The striking effects of the Covid-19 pandemic on firms, businesses, and supply chains were evident from the very beginning: empty shelves in the supermarkets, queues outside the shops, lack of even the most ordinary and apparently insignificant goods. Much less visible and known were the effects of the pandemic on other business dimensions, for example the challenges firms had to confront and their concerns for social and environmental themes.
Combining the fields of management science and the physics of complex systems in an innovative interdisciplinary study, researchers at the IMT School for Advanced Studies Lucca analyzed large Italian firms’ “conversations” on Twitter during the pandemic. In particular, they studied how firms dealt with the challenges and obligations posed by corporate social responsibility, the way they adapted to the “new normal” or rethought their usual business.
In the last 15 years, social media revolutionized communication. Firms increasingly opened social media pages to share advertising, marketing, and public relations strategies, also interacting with their stakeholders. Research in business and management profited from this new communication channel to analyze firms’ behavior on social networks and understand the trends and challenges firms face.
For this study, published on Plos One, the researchers analyzed the accounts of the large Italian firms on Twitter, among the most popular social media for business communication purposes. Relying on a database containing financial and commercial information for 540,000 firms operating in Italy, the authors selected the firms that displayed a Twitter account on their websites (936 firms out of 3870, 24%). Based on one million messages posted between the 1st of March, 2020 and the 17th of November, 2020, they studied similarities in firms’ communication strategies. In particular, they built a network of firms in which any couple of nodes is connected if the corresponding accounts shared a statistically significant number of hashtags, using a methodology inspired by statistical physics. In this sense, firms’ accounts contributing to the development of the same narratives -expressed in terms of hashtags- are linked together. They then considered the relation between the hashtags used by the various accounts and their corporate social responsibility.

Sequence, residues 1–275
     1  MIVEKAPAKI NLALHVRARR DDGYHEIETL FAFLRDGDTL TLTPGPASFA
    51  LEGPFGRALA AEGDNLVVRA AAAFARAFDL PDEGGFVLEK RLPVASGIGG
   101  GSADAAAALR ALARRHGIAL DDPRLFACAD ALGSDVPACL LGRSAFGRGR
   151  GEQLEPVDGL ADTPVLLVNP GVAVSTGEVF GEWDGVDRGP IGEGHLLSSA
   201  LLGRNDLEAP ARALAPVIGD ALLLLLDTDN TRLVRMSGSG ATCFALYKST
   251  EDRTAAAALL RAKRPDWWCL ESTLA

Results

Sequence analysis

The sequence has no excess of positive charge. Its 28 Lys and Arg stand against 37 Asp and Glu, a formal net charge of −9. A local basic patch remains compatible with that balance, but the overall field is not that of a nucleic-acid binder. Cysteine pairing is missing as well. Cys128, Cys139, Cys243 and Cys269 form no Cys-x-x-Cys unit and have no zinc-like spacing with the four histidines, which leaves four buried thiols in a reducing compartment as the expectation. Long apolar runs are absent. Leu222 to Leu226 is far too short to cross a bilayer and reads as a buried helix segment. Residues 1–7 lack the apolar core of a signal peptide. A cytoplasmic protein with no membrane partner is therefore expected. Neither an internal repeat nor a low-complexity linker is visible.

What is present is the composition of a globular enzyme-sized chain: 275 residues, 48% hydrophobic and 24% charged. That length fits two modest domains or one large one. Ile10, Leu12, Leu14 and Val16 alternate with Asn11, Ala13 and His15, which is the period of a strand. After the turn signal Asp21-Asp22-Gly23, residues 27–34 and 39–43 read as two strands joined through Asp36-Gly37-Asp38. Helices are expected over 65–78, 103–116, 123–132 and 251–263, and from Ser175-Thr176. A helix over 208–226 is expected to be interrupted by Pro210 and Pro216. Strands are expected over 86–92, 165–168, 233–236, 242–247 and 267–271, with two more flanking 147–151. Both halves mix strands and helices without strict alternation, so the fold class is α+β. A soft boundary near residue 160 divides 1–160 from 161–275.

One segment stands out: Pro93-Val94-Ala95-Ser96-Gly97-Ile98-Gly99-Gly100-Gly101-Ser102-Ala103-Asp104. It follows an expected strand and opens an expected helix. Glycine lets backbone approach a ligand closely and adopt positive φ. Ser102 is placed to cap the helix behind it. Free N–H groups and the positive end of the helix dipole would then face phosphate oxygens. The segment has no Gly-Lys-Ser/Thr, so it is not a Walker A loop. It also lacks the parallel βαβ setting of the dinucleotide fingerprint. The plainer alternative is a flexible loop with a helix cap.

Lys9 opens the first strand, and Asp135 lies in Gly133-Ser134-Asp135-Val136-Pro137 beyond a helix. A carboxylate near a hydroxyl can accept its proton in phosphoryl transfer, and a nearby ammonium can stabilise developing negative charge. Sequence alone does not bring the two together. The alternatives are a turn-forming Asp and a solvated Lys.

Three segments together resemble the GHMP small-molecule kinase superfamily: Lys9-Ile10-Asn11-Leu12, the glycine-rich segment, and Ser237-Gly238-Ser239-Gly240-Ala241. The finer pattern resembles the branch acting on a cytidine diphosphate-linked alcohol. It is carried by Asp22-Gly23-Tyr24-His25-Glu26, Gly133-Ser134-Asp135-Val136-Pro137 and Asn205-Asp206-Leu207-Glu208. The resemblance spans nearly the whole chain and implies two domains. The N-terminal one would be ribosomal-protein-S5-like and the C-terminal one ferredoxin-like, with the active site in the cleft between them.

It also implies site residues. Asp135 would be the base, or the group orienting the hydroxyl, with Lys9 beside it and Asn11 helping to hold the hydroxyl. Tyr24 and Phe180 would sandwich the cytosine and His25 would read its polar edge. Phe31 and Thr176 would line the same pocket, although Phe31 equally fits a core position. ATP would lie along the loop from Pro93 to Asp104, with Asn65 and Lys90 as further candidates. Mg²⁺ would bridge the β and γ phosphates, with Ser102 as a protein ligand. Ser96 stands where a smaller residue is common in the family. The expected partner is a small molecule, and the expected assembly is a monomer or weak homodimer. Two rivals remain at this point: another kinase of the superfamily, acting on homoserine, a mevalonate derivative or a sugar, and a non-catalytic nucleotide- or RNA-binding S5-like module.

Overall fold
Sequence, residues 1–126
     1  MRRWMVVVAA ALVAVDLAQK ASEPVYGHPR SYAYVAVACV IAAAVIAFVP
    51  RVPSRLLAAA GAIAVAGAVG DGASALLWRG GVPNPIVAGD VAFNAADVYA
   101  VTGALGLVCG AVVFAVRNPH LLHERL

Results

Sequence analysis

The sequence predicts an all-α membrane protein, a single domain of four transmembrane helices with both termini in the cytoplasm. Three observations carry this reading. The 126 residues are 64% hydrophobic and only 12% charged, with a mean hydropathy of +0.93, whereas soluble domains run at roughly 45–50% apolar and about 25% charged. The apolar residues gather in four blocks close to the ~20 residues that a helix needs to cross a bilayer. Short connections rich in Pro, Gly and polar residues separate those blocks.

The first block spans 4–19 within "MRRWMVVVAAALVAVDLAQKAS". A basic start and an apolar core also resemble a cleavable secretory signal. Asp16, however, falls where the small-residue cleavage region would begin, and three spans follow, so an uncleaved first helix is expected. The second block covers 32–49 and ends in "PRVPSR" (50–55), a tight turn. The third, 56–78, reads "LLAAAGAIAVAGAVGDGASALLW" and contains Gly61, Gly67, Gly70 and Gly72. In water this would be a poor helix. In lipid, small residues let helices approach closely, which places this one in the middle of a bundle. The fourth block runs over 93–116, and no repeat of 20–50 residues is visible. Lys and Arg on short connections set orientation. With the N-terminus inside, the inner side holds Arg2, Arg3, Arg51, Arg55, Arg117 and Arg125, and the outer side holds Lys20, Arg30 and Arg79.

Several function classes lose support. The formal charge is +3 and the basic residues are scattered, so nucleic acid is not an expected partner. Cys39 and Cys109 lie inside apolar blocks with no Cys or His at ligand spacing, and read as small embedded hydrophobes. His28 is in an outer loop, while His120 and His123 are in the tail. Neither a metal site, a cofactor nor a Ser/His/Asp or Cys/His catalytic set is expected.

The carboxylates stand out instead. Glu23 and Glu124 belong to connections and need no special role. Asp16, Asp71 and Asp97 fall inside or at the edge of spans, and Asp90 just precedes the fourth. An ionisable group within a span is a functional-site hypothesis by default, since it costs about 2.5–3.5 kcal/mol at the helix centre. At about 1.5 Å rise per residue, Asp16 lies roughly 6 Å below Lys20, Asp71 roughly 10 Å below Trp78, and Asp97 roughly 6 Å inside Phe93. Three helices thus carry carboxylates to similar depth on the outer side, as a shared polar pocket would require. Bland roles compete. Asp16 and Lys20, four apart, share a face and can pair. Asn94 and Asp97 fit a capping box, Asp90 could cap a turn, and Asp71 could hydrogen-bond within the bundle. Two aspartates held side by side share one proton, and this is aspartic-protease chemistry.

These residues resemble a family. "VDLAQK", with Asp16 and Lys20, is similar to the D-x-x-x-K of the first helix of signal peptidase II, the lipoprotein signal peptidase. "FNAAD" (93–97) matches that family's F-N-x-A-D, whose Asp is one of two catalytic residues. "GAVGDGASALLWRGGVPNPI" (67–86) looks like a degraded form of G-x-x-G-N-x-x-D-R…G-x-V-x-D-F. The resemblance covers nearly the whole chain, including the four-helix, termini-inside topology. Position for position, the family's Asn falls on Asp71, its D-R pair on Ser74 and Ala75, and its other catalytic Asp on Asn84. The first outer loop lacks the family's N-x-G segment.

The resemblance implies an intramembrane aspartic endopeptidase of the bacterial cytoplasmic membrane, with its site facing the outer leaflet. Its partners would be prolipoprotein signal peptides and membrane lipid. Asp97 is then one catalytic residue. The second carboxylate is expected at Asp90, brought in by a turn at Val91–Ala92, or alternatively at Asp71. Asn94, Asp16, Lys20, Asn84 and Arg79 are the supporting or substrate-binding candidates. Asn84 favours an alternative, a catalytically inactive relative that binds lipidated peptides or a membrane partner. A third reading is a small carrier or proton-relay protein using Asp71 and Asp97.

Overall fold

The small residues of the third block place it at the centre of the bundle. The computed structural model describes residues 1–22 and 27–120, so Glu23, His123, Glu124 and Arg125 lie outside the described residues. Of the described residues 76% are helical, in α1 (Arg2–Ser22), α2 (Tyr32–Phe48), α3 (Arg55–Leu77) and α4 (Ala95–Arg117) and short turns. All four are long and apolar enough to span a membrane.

Not surprisingly, the most frequently used hashtag in the dataset is “covid”, which appears 4106 times, while “coronavirus” is the third, appearing 2120 times. The other most frequently used hashtags are mostly related to public utilities themes and digitalization. The analysis shows that firms’ discussions on Twitter form 13 communities of accounts, with the core of the networks formed by 5 communities, which focus on environmental sustainability, digital transformation, remote working, digitalization and safety, respectively. This highlights that firms’ dialogue on environmental, digital innovation and safety themes was central in Italian large firms’ discussion on Twitter at the beginning of the Covid-19 pandemic. For instance, in the environmental sustainability community, among the most used hashtags, ‘sustainability’, ‘green-deal’, ‘energy’ and ‘innovation’ are found. Although the corporate social responsibility messages are a tiny percentage of the total (2%), 10 communities out of 13 use hashtags related to corporate social responsibility, with the environmental and social dimensions prevalent over the economic ones. Interestingly, communities dealing with digital innovation and safety focus more on the social dimension than the environmental one, confirming that social responsibility depends on the context. Finally, users seem to interact little on corporate social responsibility, showing that stakeholder engagement on these themes on Twitter is still scarce.
“Our paper brings several contributions” says Alessia Patuelli, Assistant Professor in Management Science at the IMT School for Advanced Studies Lucca, and first author of the paper with Fabio Saracco (currently researcher at the Institute for the Applied Calculus of the Italian National Council of Researches, Rome), Nicola Lattanzi (Full Professor of Management and Strategy at IMT) and Guido Caldarelli (Full Professor of Theoretical Physics at Ca’ Foscari University, Venice) . “First, our paper is an example of interdisciplinary research where we have integrated research on complex networks methods and management science. Second, we show that firms’ online social media data are a tool to advance management and strategy research, with common narratives naturally emerging from data and highlighting firms’ issues, challenges and responsibilities in a timely way”.
“The study is also an example of how a new methodology, specifically complex network analysis, can be integrated in management research,” adds Saracco. “Being data-driven, it allows themes and communities to emerge without a-priori hypotheses to orientate them.”
Finally, the study contributes to the literature showing that digital innovation, environmental sustainability and safety are the main challenges the firms confronted during the Covid-19 pandemic.
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Subject of Research
Firms’ challenges and social responsibilities during Covid-19: A Twitter analysis
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